It was early in the morning and the Windsor Oaks Elementary School computer lab was already buzzing with activity. Scattered through the room were kindergarten students in front of keyboards and computer screens. Sitting next to each child was an adult tutor.
“They’re all volunteers,” explained Myrna Simmons, a tutor from the Life Enrichment Center (LEC). “They volunteer their time to work with students needing extra support or just some encouragement along the way.”
The LEC is a nonprofit organization providing literacy tutoring and other initiatives to students from Title I elementary schools. The center began in Norfolk in 2007 and the program has expanded into Windsor Oaks and College Park Elementary Schools in Virginia Beach. Students reading below their grade level are matched with tutors one hour a week for the academic year.
“Right now we have 13 tutors who come in,” Simmons said. “The children are in kindergarten. So, it’s really designed to get them acclimated to reading. Sometimes, when they first enter school, they are shy and haven’t developed a routine. This helps them become oriented to school and to reading.”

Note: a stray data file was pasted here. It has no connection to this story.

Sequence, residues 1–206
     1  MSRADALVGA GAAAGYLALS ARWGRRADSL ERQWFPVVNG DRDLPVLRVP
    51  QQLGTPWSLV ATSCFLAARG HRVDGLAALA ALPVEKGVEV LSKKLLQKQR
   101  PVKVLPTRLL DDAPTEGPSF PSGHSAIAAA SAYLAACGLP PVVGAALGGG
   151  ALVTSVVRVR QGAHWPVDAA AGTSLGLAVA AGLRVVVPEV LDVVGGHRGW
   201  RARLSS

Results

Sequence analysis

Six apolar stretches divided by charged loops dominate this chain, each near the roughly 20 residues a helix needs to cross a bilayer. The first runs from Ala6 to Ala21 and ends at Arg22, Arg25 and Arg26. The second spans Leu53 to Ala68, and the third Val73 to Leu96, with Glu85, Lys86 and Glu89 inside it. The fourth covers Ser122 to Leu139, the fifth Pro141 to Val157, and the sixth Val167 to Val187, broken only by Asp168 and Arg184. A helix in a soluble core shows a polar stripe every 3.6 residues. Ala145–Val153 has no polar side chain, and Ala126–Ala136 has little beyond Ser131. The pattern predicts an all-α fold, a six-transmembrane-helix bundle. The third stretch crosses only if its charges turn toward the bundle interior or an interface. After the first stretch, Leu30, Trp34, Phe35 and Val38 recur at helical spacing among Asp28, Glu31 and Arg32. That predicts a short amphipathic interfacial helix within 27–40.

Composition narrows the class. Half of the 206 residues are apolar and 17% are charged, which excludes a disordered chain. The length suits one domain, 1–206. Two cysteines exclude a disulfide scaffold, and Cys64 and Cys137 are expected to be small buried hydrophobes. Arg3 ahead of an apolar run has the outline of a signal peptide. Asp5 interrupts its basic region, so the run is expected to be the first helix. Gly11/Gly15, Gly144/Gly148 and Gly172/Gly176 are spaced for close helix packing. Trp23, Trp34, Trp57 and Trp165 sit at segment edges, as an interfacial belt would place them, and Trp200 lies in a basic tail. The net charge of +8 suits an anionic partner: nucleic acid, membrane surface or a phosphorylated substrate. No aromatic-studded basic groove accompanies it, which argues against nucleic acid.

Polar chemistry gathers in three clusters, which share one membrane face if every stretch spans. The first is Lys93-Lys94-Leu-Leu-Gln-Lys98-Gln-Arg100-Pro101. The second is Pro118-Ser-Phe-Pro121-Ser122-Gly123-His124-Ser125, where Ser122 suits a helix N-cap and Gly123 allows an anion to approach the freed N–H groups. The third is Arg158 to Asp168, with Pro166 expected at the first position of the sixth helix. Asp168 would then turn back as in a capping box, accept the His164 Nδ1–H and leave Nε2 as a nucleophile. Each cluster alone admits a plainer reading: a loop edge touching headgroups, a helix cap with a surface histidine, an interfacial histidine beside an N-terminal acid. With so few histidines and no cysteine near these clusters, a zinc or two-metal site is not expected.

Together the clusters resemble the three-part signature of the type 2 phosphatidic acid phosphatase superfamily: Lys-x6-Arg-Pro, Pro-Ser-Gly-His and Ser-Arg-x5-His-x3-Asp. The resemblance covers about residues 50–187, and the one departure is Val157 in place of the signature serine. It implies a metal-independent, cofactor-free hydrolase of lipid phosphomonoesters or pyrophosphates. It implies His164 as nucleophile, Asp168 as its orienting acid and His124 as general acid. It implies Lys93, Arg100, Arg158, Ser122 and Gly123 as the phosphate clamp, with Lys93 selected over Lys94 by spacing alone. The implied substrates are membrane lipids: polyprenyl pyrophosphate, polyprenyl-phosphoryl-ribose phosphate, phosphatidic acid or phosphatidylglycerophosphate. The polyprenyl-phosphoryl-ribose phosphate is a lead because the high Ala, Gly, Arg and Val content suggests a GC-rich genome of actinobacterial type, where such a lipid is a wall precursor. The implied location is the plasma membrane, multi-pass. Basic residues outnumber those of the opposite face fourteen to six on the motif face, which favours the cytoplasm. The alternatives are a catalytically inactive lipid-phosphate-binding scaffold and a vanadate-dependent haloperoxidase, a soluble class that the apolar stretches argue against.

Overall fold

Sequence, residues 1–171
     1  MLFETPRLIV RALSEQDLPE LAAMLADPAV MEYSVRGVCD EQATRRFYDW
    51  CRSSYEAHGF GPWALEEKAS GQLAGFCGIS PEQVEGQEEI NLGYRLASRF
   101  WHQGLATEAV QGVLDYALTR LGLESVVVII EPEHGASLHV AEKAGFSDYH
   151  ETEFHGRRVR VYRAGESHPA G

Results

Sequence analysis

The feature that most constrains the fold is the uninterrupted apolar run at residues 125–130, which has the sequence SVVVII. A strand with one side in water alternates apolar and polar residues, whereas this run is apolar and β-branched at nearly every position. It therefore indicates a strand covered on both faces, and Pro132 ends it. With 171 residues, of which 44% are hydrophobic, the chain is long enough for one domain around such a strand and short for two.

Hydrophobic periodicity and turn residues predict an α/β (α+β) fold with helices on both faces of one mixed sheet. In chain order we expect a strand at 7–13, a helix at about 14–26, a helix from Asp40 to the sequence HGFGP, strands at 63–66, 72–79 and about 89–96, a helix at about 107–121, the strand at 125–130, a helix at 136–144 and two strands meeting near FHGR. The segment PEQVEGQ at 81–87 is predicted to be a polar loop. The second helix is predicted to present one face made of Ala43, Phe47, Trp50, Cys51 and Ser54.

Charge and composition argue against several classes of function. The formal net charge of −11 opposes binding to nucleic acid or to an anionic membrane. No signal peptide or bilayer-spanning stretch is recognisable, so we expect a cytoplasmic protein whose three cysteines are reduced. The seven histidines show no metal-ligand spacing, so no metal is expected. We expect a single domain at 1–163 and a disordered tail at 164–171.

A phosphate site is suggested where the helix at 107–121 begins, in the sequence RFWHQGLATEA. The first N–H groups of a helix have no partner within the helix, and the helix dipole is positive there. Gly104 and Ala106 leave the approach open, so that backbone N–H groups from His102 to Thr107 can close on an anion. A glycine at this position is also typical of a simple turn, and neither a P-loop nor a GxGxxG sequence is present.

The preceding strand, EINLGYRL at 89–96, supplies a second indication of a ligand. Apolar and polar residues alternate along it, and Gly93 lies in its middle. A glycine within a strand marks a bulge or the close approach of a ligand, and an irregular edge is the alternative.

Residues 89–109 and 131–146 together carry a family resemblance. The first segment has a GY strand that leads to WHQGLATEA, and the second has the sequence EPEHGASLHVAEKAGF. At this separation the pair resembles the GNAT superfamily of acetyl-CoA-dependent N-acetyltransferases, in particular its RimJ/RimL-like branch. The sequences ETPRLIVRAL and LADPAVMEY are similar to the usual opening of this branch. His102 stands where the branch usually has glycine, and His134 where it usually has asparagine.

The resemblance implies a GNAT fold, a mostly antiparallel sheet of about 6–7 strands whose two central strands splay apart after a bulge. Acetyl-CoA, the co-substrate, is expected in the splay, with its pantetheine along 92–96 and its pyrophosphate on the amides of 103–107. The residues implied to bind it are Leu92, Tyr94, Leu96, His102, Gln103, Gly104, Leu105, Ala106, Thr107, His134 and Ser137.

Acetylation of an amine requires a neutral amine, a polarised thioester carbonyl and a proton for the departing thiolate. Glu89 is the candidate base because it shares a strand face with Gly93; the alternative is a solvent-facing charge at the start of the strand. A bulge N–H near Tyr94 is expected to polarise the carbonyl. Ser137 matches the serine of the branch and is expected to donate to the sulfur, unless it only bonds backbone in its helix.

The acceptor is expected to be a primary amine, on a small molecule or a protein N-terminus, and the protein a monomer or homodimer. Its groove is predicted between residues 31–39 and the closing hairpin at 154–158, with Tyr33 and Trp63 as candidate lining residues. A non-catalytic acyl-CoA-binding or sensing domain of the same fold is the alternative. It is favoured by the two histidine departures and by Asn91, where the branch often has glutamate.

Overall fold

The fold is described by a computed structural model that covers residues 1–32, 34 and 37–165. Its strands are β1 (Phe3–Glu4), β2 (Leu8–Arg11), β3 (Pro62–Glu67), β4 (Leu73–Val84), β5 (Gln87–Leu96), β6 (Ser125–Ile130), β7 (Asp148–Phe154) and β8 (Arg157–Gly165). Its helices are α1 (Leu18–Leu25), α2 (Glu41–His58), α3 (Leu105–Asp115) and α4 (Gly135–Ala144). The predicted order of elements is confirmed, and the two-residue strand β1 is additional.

Dr. Sherri Archer, principal at Windsor Oaks, is familiar with the program from her experience in Norfolk Public Schools. “I have worked with the organization for years and have witnessed the improvement in student literacy scores based on the support provided by the organization. LEC is committed to serving children and helping them learn to read and I am so grateful for their partnership with Windsor Oaks Elementary and Virginia Beach City Public Schools.”
Nellie Phipps has been an LEC tutor for eight years. “I’m doing this because I love children and I want to make sure that I have a positive impact on them at an early age. I was initially going over to a Norfolk school, but I live in Virginia Beach. This year, the opportunity opened up here at Windsor Oaks so I don’t have travel as far. But the important thing is that we still have great students to encourage.”
Simmons added that these session are lively and interactive. “In these sessions you will hear clamor, but its good clamor. They review words and then they go on the computers and read stories and study vocabulary, it’s fairly comprehensive.”
Tutor Edie Dennis is a firm believer in instilling a love for reading in the youngsters.
“This is important to me,” she said. “This is leaving an important legacy behind. When I was a child I loved to read. So, to teach someone how to read and be good at it, that’s important to me.”